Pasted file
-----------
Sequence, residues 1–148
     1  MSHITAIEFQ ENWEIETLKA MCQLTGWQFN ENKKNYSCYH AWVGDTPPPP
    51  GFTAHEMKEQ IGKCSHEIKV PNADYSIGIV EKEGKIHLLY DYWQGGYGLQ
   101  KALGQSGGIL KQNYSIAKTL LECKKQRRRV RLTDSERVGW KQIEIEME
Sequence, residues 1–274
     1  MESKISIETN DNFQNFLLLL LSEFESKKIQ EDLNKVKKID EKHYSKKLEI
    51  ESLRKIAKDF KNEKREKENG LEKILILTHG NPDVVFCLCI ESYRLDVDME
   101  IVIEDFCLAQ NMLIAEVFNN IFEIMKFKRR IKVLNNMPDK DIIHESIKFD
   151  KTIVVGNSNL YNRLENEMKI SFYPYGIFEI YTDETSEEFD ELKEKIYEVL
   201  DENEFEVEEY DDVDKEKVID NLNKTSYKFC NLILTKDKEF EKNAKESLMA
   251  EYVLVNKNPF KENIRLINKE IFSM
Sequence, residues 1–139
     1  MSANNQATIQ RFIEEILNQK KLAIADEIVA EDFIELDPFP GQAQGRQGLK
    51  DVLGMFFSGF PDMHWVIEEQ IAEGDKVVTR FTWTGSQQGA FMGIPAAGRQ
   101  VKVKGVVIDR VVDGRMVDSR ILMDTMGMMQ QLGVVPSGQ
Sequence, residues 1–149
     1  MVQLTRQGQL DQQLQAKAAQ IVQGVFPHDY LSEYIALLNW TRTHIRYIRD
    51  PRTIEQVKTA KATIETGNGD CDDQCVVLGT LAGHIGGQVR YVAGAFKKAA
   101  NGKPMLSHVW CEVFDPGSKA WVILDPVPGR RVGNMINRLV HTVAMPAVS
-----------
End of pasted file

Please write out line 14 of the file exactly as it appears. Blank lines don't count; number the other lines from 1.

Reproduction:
    51  DVLGMFFSGF PDMHWVIEEQ IAEGDKVVTR FTWTGSQQGA FMGIPAAGRQ